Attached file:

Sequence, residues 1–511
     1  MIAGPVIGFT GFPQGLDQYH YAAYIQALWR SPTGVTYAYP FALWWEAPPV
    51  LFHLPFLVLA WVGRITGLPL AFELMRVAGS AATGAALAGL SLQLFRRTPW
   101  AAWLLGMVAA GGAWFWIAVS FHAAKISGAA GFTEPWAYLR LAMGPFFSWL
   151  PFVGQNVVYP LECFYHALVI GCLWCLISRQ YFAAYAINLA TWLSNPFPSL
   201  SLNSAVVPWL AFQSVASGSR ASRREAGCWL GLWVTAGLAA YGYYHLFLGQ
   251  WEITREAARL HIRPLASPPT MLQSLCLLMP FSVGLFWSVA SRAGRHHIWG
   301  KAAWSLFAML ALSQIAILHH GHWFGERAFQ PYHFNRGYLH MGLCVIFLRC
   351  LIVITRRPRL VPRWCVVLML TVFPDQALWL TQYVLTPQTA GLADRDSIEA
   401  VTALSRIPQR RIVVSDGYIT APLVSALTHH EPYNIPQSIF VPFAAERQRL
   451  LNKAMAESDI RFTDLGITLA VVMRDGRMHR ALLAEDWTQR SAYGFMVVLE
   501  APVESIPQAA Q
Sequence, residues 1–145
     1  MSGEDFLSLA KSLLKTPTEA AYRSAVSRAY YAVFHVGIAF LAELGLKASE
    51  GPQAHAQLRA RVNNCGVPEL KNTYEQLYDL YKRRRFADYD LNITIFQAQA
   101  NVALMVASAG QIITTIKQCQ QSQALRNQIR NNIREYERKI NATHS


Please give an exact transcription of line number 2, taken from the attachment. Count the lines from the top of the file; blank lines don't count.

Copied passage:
     1  MIAGPVIGFT GFPQGLDQYH YAAYIQALWR SPTGVTYAYP FALWWEAPPV